Time Warner Cable last week signaled it's ready to move
ahead with use of standardized modems, starting in the second-quarter in a rollout of
high-speed data services at its Kansas City, Mo., system.
The decision to go with modems built to the DOCSIS 1.0
standard, the initial version of the Data Over Cable System Interface Specification, marks
the first publicly announced move in this direction for Time Warner's high-speed data
service supplier, Road Runner, as well.
But it will soon be followed by many more commitments to
DOCSIS rollouts on the part of Road Runner affiliates, said Bob Cruickshank, vice
president for technology at Road Runner.
"We're going to be DOCSIS going forward after March 31
in all green fields," Cruickshank said, noting this includes new hub extensions in
existing high-speed data markets. "There will be upwards of a half-dozen new market
launches by the end of the year."
Road Runner affiliates, which include systems served by
Time Warner's venture partner MediaOne and a few other MSOs, are not waiting for
completion of certification of DOCSIS modems to begin their preparations for rollouts,
"Manufacturers have been very helpful in indemnifying
operators for any software or hardware changes that will have to be made with regard to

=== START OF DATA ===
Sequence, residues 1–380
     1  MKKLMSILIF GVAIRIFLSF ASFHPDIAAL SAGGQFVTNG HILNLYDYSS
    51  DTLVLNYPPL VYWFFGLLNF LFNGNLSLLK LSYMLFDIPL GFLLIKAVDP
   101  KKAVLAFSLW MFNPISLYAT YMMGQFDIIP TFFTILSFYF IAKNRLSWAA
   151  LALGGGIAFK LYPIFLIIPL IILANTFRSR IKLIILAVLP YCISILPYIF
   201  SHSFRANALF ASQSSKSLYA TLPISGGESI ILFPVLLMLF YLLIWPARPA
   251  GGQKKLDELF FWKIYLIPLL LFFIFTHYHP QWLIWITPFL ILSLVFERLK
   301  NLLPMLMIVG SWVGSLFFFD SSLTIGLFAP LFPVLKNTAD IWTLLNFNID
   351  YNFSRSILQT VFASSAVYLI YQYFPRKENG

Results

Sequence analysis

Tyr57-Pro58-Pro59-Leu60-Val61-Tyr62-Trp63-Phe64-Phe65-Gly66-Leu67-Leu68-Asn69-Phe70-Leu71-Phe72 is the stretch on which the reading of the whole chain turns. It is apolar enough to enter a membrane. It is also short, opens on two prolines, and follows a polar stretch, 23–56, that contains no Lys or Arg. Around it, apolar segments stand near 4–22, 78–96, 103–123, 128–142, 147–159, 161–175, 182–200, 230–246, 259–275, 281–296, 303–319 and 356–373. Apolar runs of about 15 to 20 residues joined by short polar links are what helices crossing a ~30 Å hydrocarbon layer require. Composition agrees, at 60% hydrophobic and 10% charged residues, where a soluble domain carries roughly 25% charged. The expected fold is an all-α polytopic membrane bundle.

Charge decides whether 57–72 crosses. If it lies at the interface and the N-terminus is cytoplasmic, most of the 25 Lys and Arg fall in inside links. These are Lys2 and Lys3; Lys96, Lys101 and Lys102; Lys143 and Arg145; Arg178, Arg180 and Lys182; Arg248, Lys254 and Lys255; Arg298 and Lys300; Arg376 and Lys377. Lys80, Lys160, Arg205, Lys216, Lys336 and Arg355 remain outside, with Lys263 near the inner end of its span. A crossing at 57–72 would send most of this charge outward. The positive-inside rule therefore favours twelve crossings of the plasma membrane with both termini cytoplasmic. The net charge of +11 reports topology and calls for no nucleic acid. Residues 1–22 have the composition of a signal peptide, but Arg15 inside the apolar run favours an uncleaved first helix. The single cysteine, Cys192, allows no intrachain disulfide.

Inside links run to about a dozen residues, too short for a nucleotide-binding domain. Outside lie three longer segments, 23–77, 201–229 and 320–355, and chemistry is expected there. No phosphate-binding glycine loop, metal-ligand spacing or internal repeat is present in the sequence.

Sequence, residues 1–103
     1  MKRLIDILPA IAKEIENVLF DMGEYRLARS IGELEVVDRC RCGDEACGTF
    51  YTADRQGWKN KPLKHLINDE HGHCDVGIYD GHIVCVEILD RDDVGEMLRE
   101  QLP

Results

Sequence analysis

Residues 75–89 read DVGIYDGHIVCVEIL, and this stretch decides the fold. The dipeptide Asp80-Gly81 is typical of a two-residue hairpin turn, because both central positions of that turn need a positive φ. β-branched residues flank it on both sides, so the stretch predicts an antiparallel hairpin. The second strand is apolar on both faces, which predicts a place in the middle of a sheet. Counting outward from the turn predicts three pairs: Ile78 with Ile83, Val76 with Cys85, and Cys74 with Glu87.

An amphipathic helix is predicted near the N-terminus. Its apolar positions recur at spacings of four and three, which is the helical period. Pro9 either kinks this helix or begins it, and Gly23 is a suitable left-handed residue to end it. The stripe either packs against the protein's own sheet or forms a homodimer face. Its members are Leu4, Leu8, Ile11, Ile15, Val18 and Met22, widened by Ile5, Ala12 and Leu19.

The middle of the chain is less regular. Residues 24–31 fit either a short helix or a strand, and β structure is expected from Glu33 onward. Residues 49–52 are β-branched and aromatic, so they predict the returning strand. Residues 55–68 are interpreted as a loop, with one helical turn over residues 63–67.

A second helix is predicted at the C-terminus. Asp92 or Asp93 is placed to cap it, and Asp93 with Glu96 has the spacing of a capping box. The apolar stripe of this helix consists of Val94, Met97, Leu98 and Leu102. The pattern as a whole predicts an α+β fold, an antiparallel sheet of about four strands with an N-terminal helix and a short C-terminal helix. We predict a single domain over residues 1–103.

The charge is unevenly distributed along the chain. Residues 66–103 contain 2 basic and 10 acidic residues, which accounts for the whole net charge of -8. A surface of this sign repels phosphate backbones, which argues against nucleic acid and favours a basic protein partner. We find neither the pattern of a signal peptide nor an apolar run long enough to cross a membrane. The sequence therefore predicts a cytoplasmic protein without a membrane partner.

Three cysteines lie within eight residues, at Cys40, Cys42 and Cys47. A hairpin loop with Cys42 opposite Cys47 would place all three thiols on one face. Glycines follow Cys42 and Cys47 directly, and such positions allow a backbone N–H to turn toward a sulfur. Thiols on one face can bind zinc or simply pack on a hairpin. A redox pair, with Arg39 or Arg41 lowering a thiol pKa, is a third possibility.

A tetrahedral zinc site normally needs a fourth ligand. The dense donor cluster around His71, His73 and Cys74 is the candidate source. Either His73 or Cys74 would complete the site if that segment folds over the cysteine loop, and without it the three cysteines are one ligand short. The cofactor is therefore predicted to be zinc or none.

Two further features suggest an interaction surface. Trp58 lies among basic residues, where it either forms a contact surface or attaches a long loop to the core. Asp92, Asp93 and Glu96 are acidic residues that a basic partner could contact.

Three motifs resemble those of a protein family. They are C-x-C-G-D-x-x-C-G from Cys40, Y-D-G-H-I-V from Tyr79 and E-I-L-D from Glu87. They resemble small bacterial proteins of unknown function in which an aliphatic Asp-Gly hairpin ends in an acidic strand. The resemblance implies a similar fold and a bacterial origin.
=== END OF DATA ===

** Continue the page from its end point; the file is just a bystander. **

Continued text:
modems that are deployed prior to certification," he noted.
"Certification isn't holding us up at all," he
The certification process at Cable Television Laboratories
Inc. is entering a key phase this week with completion of testing in the current, seventh
cycle of the process and a vote by the certification board anticipated before week's end.
While some vendors are "very close," CableLabs
president Richard Green said it was impossible to say whether any would be certified until
the testing and voting are completed.
While the timing of certification is no longer crucial to
the rollout schedules formulated by Road Runner partners, it is vital to going forward
with "the retail play," Cruickshank said.
He noted the pace of certification was determined by the
MSOs as well as Road Runner and @Home Network members participating on the certification
board, as opposed to being a matter that was strictly up to CableLabs.
"We want to make sure we don't have the same situation
to deal with that occurred with the first cable-ready TV sets, many of which were returned
because they didn't meet consumer expectations," Cruickshank said.
"We're at a stage now where we feel the process has
been very successful and orders are being made for tens of thousands of DOCSIS
modems," he added. "Certification for retail distribution will be the icing on
No matter what happens with DOCSIS, Time Warner's Kansas
City schedule assumes the system will be able to launch with certified modems during the
second quarter, officials said.
The system had originally planned to launch high-speed data
services before the end of last year, said Time Warner Kansas City spokeswoman Carol
Rothwell, but, like many other systems, it held back pending completion of the
"No one told us to wait," she said. "But we
don't make any decisions in isolation."
The system will start out offering the modems on a rental
basis as part of the $39.95-per-month service charge, Rothwell said, with the intent of
adding retail distribution later in the year. Vendor selection is down to three unnamed
finalists, she added.
The system is on course to launch digital TV services this
summer, she added._